If, for example, your sleeping pad is inadequate, then at bag with a comfort range of 15-29F might feel very cold at 40F.
You’ve got to consider the ENTIRE sleep system, not just the sleeping bag temperature rating!!!
Silk Sleeping Bag Liners
One of the best investments you can make for camping comfortably is a silk liner for your sleeping bag. These are basically silk bags that you sleep inside of within your sleeping bag.
A silk liner can add 10+ degrees F to your sleeping bag rating. It is also soft to sleep on and keeps your sleeping bag clean. They are cheap to buy and will give your sleeping bag a lot more range. (They are also great to take to hostels to avoid bedbugs!)
Sleeping Bag Mistakes
Any of these mistakes could also make it too cold to go camping, despite having a bag rated for cold weather.
- Not fluffing a down sleeping bag: Down sleeping bags are usually rated for very cold weather. However, they only provide insulation if the down feathers are fluffy. If you use a down bag straight from the compression sack, the feathers will be scrunched together and won’t provide insulation. Thus, you have to fluff a down bag before using.
- Inadequate insulation below you: When you lie on a sleeping bag, the weight of your body compresses the insulation, making it ineffective at warming you. The sleeping pad not only provides insulation from the cold ground (more on this below), but also helps keep the bottom of your sleeping bag fluffy so you don’t lose heat from below.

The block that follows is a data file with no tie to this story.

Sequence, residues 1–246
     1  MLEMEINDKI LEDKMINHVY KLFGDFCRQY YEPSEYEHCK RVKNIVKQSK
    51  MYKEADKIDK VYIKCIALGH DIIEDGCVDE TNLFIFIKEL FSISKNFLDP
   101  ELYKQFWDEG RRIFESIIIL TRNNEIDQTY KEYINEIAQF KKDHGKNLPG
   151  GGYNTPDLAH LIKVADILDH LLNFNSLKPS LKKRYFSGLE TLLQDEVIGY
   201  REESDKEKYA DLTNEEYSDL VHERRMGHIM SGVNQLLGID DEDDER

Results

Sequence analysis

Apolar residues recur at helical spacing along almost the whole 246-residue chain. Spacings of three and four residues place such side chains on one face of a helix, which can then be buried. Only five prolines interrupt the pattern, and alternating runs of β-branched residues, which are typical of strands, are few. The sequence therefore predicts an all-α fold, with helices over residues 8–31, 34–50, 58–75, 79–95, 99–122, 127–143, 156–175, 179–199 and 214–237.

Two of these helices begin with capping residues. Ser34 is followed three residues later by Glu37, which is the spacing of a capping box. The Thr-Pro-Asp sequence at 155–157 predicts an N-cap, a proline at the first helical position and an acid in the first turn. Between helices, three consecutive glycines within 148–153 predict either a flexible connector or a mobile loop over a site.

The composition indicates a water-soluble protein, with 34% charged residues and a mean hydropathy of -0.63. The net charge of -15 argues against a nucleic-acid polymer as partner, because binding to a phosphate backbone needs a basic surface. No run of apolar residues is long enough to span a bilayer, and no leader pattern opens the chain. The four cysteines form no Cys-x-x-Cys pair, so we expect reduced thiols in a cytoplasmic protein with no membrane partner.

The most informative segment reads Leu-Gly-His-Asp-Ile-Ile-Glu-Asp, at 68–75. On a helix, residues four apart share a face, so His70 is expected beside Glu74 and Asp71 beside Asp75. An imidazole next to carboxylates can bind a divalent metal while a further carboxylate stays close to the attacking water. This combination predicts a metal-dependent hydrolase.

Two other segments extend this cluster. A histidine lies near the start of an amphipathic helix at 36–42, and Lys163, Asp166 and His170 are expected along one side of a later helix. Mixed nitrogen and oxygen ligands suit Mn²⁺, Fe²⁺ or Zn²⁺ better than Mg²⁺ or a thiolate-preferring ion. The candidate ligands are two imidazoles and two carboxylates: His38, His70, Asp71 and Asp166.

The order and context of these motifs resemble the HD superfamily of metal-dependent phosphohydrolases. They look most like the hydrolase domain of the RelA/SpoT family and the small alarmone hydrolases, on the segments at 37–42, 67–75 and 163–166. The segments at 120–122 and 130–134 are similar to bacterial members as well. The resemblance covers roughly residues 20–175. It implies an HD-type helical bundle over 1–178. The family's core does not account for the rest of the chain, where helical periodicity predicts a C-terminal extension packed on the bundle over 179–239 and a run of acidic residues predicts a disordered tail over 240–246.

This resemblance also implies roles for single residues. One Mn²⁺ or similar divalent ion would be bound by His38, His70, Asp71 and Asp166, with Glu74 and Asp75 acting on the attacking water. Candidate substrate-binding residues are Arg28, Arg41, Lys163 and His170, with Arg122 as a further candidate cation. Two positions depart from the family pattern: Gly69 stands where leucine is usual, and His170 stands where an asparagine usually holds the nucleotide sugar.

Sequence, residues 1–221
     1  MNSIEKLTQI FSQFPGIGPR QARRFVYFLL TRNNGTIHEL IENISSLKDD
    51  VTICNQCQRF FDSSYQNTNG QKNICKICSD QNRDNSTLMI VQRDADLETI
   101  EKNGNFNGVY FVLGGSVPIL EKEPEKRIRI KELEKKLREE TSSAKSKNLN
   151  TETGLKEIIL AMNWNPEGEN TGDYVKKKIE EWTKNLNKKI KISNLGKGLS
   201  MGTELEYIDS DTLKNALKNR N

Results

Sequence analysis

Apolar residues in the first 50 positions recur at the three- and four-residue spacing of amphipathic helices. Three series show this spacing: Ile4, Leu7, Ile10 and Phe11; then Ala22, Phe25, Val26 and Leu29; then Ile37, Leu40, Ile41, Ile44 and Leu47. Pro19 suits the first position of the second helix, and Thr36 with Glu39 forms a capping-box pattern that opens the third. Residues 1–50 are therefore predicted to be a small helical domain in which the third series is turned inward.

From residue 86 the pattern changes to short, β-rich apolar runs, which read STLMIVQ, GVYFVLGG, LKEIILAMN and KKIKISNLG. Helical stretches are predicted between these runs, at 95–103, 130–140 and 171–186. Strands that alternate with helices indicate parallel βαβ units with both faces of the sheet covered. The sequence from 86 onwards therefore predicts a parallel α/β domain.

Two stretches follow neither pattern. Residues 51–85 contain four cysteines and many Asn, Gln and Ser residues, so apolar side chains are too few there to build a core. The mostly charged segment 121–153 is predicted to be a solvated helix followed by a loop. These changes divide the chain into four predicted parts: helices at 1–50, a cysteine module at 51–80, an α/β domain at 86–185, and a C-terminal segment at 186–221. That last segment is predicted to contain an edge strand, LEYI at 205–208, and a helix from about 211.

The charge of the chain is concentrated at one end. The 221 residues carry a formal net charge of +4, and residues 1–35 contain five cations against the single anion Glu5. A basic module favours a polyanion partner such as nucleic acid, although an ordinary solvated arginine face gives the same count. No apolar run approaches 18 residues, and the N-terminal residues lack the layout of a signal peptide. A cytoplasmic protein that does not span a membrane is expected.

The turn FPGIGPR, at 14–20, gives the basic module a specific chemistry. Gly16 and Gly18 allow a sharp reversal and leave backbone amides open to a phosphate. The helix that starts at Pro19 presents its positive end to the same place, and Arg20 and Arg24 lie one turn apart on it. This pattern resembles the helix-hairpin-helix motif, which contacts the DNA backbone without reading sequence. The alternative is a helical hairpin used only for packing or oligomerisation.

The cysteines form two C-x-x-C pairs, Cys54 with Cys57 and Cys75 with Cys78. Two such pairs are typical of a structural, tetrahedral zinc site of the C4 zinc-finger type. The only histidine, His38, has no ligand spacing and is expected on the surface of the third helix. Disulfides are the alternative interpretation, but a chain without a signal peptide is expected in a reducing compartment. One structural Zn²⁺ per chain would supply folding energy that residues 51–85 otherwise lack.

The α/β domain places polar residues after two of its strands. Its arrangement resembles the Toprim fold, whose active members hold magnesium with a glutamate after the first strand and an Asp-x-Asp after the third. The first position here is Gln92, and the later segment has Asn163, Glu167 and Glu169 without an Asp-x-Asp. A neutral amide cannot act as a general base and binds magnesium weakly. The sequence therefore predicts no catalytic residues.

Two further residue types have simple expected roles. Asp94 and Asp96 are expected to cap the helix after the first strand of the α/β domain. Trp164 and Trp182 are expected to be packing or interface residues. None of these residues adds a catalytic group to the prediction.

- Sleeping with your head in the sleeping bag: If it is cold while camping, your first reaction might be to put your head inside the sleeping bag. But, as David Freeman points out here, this will cause vapor from your breath to get into the bag. Even a slight amount of moisture will cause you to feel cold! If your head is cold, put on a hat instead.
- Choosing a sleeping bag which is too warm: While it is smart to err on the side of caution when choosing a sleeping bag, you don’t want to use a winter sleeping bag in summer. You will end up sweating a lot at night. The sweat will cause you to get very cold while sleeping. Likewise, don’t over-bundle your children when putting them to bed!!!